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Pine Ridge visit full of surprises

A trip to the Flying Heart Ranch yielded unexpected experiences.

January 10, 2023

3 Min Read
Pine Buttes pasture
SACRED GROUND: David Kadlecek parked his side-by-side on a ridge high above the Beaver Creek and told me stories about the great Lakota warrior Crazy Horse and his connection to the Kadlecek ranch. Curt Arens

I called my good friend Doak Nickerson, northwest Nebraska Forest Service district forester, to let him know I was interested in writing a story on replanting pine trees on local Pine Ridge ranches after the wildfires of 2012.

Doak lined up a visit to Flying Heart Ranch, to talk with David Kadlecek and his son Scott about their efforts. I’ll let you in on a poorly kept secret. One of the reasons I love this job so much is that I get to visit with folks like the Kadleceks at their beautiful ranch north of Hay Springs. But beyond the beauty of the terrain, there is always a back story to every story.

Rest of the story

After we had finished visiting tree replant sites on their 3,000-acre ranch, David Kadlecek drove me past local landmarks such as Scout Point and Eagle Trap to an adjacent butte. Driving onto the ridge, I could see the pine-timbered pastures and canyons, and into the Beaver Creek valley below.

David explained the significance of Beaver Creek to the Lakota people and their legendary leader Crazy Horse, who often camped in the area near where Scott’s home is now in the valley.

Then David pointed to one of the buttes within a stone’s throw of where we were sitting and told me that his Lakota friends say that this is the place where the bones of Crazy Horse are buried.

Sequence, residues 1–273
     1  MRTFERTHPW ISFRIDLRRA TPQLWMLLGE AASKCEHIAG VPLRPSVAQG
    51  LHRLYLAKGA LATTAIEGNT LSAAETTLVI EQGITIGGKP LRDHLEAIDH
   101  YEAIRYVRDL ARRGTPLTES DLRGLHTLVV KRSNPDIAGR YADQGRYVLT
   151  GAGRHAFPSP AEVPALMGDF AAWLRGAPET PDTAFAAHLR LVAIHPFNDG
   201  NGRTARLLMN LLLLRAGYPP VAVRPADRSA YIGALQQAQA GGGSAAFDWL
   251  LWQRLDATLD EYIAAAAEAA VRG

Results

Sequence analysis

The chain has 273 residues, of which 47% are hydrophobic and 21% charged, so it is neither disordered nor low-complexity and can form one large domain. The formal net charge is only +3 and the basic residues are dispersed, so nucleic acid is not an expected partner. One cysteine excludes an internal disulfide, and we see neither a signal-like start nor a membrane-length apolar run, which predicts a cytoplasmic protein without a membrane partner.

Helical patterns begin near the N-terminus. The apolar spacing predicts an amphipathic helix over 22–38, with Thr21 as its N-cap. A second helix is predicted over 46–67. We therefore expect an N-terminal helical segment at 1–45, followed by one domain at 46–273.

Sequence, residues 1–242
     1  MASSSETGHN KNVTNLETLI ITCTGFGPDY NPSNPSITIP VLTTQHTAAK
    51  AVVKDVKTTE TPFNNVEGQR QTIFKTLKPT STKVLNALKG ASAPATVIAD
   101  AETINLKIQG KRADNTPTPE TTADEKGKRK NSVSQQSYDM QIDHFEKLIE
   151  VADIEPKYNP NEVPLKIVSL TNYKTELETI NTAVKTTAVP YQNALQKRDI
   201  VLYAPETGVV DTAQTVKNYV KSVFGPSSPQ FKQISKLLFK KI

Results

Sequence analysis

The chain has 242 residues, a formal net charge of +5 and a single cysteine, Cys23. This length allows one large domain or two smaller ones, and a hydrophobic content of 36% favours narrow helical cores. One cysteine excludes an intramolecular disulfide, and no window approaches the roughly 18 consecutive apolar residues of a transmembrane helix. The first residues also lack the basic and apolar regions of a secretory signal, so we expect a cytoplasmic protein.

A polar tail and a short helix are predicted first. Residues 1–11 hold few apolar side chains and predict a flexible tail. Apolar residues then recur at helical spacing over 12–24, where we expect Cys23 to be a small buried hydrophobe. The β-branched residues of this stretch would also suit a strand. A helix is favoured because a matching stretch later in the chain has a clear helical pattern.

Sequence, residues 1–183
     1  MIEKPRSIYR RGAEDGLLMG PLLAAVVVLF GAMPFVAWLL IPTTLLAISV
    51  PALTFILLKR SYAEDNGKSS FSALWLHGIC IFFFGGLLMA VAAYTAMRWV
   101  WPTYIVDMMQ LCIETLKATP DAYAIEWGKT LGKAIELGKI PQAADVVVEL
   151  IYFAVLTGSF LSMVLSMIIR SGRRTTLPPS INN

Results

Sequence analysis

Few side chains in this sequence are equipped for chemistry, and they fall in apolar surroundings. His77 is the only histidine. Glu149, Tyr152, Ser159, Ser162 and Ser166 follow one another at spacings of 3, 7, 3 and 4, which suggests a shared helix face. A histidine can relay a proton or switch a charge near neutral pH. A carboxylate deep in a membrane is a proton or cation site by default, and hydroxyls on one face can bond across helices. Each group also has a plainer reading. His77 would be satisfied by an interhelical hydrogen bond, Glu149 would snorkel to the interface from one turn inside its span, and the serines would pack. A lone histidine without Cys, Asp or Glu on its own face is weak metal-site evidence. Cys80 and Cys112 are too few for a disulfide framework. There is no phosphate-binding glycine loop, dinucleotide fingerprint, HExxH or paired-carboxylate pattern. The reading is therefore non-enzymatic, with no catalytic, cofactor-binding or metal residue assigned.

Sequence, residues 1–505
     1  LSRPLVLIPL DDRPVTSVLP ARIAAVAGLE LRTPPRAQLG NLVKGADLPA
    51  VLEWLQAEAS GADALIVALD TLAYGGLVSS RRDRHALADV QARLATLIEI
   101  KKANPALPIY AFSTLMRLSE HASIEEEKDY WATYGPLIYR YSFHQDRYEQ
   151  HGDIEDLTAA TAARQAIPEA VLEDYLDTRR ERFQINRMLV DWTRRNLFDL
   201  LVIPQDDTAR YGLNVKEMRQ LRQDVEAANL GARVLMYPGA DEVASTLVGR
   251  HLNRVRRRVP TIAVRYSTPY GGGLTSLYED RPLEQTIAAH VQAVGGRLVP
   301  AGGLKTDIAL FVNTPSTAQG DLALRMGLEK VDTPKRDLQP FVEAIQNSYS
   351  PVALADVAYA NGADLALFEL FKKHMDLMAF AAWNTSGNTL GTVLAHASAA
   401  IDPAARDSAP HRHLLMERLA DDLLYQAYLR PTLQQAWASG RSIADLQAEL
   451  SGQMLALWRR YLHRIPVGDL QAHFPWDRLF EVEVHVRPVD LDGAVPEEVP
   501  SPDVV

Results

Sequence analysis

In those days

With his tribe weak from cold and hunger, the great Lakota warrior surrendered to General George Crook at the Red Cloud Agency in May 1877. Crazy Horse was confined at nearby Fort Robinson, and at age 35, was killed that September in a scuffle with soldiers who were trying to force him into the guardhouse.

After his death, Crazy Horse’s parents retrieved the body, placing it on a scaffold in a tree along Beaver Creek, on what is now the Kadlecek ranch.

But official history doesn’t agree on where the bones of Crazy Horse were finally laid to rest. Some say he lies near Porcupine Butte in South Dakota, not far from Wounded Knee. But Lakota medicine men and descendants of Lakota people who actually witnessed the events after Crazy Horse’s death insist to the Kadlecek family that he is buried in a cave under a rock slide at the top of the butte on their ranch. That is the spot where David took me.

David said that before the Wellnitz Fire in 2012, the butte was entirely covered in pine trees. Today, the trees are all gone. Over the years, the Kadleceks have allowed respectful visitors, mostly Lakota people, to visit the spot and pray on the sacred ground where they believe their leader’s bones are buried.

Spirit of Crazy Horse

While we will never know for sure where Crazy Horse is buried, it is certain that the spirit of the Lakota warrior lives on in this region. As a student of Nebraska history, I appreciated the historic and spiritual nature of this beautiful location high above Beaver Creek.

Seeing that site and hearing David talk about the stories of the Lakota on his land was one of the more memorable ranch tours I’ve had. Sometimes, when you go out into the field to do an interview, the unexpected is the most important moment of the day. That’s the way it was on that day along Beaver Creek in November.

Comments or questions? Email [email protected].

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